Breaking rules to challenge conventional thought
Postdoctoral Associate Hiroaki Sai Ph.D. ’13 Materials Science and Engineering recently had the distinction of appearing as first author on a paper published in the esteemed journal Science. “Yeah, that was a bit of an accident,” said Sai. “I was working on making a dense polymer film. And the usual rule with polymer films is if they are clear they are good.” The particular film Sai was looking at was cloudy. “When I looked at the film, it was opaque, so I thought it was no good.” But before disposing of the “bad” film, one of Sai’s colleagues in the lab, doctoral student Kwan W. Tan, suggested they take a closer look at what they had created.
In this particular case, taking a closer look did not mean holding the film closer to their faces or using a compound microscope. To examine their film more closely, they needed the help of the Cornell Center for Materials Research and the Cornell High Energy Synchrotron Source. They used scanning electron microscopy, small-angle x-ray scattering, transmission electron tomography, and nanoscale x-ray computed tomography to really see and understand what they had made. “I learned a lot from the whole process,” says Sai. “Cornell is unique. There is no other place where we would have all the facilities and experts we needed on one campus.”
These various ways of looking showed Sai, Kwan W. Tan, and the other members of Professor Uli Wiesner’s research group that the film they had created broke the usual rules of dense polymer films. The film they had created was porous at both the nano- and micron-length scales, but they were not quite sure how they had done it. The size range of the pores is important because large pores allow materials to flow through at a good rate while coming into contact with a large surface area of the small pores, promoting whatever reaction the users hope to foster. The possible applications for films created with this constellation of pore sizes range from catalysis to bioengineering.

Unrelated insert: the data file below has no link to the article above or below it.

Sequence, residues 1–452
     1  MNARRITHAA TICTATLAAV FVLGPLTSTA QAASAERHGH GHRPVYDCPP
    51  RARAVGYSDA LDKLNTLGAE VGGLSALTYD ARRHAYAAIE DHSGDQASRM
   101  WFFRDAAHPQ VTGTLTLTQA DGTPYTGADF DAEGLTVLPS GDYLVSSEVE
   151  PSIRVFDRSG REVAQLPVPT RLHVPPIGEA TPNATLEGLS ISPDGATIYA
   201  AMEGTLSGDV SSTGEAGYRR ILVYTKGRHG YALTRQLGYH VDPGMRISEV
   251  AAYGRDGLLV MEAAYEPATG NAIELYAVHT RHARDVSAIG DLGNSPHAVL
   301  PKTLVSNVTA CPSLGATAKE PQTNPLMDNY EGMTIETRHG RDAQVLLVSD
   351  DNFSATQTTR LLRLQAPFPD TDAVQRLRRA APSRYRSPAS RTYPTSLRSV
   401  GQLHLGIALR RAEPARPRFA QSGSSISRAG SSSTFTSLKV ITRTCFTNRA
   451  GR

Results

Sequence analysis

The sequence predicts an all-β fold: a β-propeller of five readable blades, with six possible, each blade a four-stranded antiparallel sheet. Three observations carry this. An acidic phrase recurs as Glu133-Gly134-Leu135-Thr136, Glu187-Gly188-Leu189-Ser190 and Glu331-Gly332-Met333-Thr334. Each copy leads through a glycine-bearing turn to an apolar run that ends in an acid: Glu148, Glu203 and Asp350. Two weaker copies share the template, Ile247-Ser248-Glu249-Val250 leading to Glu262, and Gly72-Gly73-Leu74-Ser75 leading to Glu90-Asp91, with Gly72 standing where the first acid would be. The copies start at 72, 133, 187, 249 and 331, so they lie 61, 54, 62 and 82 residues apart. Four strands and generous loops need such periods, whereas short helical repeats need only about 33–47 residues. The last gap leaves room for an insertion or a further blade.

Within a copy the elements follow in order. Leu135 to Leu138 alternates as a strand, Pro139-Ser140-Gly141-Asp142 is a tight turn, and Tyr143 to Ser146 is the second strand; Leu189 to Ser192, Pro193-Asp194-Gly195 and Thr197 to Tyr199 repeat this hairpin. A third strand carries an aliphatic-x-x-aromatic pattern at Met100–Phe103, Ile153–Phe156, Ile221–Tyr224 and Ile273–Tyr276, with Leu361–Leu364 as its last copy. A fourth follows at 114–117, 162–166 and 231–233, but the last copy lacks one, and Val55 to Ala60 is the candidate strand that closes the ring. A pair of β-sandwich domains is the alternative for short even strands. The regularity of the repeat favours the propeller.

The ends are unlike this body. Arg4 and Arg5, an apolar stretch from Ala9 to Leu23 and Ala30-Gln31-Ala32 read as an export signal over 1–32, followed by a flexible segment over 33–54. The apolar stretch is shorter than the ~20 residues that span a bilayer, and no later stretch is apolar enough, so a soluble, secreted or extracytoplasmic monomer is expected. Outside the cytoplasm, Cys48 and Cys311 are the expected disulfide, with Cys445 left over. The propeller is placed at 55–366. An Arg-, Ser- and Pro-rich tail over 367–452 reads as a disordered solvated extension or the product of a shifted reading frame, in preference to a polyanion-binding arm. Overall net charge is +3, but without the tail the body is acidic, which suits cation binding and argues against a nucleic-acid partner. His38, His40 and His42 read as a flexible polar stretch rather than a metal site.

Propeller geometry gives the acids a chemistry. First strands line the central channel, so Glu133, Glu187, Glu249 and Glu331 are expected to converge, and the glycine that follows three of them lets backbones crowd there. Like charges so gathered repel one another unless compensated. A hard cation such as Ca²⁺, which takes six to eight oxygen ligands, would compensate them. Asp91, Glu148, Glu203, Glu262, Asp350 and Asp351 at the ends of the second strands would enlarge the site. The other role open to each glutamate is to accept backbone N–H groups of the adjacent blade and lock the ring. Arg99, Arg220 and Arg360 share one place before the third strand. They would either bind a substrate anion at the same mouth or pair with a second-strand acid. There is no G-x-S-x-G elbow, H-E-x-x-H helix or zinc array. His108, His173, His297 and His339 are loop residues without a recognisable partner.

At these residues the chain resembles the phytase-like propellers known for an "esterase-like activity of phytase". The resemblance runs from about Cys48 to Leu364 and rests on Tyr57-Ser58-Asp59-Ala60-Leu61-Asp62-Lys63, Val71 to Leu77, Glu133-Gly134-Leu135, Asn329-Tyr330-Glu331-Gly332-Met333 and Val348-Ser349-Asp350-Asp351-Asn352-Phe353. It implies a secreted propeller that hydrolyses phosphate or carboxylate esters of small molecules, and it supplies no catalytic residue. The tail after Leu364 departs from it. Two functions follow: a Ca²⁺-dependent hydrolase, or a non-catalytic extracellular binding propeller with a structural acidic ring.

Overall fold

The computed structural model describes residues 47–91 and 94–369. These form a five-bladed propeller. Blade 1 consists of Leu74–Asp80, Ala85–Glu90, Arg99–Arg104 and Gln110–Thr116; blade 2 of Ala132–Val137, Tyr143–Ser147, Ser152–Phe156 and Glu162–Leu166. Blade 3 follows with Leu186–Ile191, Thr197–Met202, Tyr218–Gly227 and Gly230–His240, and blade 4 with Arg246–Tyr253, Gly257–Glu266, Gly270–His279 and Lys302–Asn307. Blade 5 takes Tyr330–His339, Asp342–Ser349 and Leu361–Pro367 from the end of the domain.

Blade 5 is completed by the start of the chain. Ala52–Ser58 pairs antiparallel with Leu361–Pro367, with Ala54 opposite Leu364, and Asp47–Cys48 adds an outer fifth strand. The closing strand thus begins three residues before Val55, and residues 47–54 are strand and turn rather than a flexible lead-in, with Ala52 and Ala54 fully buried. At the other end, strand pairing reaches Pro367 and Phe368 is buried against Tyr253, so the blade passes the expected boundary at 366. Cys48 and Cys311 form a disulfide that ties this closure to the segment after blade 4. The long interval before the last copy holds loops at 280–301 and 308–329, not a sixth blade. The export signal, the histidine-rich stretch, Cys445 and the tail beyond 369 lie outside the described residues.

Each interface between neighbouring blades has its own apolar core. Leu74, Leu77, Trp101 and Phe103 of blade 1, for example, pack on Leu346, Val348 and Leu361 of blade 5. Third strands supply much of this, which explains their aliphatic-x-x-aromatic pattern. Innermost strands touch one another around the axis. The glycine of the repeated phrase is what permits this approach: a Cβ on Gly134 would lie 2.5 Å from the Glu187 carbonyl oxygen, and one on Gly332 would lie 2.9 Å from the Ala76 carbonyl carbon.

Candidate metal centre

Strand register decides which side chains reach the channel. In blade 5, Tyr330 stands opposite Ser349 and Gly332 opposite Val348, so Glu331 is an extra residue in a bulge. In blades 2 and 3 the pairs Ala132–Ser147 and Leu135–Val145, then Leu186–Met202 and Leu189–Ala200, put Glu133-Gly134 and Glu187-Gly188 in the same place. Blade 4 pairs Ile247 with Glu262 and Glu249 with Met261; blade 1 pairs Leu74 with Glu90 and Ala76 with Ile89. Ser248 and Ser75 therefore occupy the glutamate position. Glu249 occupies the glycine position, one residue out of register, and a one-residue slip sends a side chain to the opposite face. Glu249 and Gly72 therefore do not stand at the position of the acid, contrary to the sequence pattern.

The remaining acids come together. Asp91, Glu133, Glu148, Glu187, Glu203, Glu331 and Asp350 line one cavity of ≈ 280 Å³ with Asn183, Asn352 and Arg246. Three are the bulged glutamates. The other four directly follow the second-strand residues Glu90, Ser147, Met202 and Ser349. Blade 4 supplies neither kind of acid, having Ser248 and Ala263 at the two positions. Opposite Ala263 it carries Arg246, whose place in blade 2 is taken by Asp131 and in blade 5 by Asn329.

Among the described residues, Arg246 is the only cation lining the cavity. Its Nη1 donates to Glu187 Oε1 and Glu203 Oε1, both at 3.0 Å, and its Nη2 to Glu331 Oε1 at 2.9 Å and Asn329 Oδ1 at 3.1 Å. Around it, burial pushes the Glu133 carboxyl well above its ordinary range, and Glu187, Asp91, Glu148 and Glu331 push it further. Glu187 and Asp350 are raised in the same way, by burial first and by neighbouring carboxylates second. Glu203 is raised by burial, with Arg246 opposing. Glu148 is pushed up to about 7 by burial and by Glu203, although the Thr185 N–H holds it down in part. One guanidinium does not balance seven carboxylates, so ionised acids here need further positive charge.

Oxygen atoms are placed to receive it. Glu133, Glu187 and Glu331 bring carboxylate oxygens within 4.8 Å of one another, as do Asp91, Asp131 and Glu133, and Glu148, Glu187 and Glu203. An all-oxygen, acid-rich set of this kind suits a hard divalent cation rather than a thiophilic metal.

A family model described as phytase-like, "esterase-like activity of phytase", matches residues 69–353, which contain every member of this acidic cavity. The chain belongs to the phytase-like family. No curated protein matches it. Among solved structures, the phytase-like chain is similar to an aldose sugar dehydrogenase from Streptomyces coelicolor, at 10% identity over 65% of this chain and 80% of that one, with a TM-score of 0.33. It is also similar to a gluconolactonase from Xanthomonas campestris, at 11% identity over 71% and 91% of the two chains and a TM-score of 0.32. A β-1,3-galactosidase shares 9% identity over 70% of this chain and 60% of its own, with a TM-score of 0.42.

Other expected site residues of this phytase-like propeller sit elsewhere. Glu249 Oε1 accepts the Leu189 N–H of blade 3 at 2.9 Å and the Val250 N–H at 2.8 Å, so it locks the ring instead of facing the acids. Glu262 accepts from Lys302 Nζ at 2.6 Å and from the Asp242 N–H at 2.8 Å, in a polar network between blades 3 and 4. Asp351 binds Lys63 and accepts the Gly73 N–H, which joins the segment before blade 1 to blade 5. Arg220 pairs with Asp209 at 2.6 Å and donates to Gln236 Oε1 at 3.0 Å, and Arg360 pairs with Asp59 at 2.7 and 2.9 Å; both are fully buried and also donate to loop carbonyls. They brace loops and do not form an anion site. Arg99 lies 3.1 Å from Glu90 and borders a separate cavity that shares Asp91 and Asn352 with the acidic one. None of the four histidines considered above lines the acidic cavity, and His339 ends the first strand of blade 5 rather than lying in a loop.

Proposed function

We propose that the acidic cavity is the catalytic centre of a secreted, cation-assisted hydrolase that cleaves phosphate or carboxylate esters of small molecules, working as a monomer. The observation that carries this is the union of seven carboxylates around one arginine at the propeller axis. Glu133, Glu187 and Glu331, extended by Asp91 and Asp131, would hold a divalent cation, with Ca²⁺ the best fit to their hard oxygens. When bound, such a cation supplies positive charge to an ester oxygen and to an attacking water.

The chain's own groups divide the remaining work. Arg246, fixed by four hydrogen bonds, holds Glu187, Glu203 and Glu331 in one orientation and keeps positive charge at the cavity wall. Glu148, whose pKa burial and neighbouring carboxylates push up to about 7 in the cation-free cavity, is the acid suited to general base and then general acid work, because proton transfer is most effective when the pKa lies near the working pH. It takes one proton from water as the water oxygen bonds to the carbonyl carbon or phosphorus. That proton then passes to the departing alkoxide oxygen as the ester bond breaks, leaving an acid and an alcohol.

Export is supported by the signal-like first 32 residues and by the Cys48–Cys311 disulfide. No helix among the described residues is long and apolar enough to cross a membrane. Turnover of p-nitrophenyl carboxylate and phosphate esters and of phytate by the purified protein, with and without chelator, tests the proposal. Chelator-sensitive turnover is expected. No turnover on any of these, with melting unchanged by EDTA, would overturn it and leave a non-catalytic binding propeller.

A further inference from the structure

The Wiesner Group is not the first lab to have ever made a polymer film with this set of traits. Other researchers have attained a similar mix of pores at both the nano- and micro-length scales, but they have generally done this by first creating the film and then later etching the pores. The method Sai and his partners hit upon serendipitously is something new and potentially revolutionary. The pores were created as part of the process that created the film to begin with.
Once they saw what they had, they then had to replicate their results—which turned out to be much harder than it sounds. They ran their initial experiment in February 2012 but by the summer they still had not managed to create the same sort of polymer film. “Eventually, we realized some water had gotten into one of the reagents and that is what stopped it from working,” says Sai with a bemused grin. “Experimental trial and error is still a very valuable approach.”
The members of the Wiesner Group are now able to reproduce the results any time they want. They have combined a few techniques already well-known to materials scientists, but in a new and creative way. “The best part about our process is its simplicity,” says Sai. “It is fair to assume someone else must have already looked at this method, but no one had.” Professor Wiesner has said, “It’s about as simple as it gets.” Their method for making hierarchical porous scaffolds from block copolymers can be generalized and the nanostructure can be fine-tuned simply by varying the temperature during an early step in the production process. By taking the time to look closely at something everyone else had passed by, Hiroaki Sai and his colleagues have moved science forward.
Neither catalysis nor bioengineering were on Hiroaki Sai’s mind when he was a child in Japan. The journey from his hometown near Yokohama to Ithaca, New York was initially powered by his desire to be an astronaut. “In 1992 the first astronaut from Japan flew in the space shuttle,” says Sai. “I was eight years old and I was hooked. A few years later, I saw the movie Apollo 13 and that really inspired me.” Sai even had the chance to meet a number of astronauts, including Jim Lovell, (the captain of Apollo 13), who told him that to become an astronaut, you need to study engineering. So Sai loaded his high school studies with math and science classes. He participated in the Chemistry Olympiad and scored highly. He ended up at Princeton, where he majored in Chemical Engineering. His advisor at Princeton, Ilhan Aksay, introduced Sai to the study of materials science. Sai then came to Cornell because “I really liked Uli’s group when I visited. They were welcoming and very informative and they were doing work I wanted to be a part of.”
Sai is still interested in space. He says, “If I could participate in experiments on the International Space Station, that would be great for me.” He would like to find an academic position once he finishes his post-doctoral work at Cornell. “I like doing research. I love mentoring younger students. And I have a lot of questions I still need to answer.”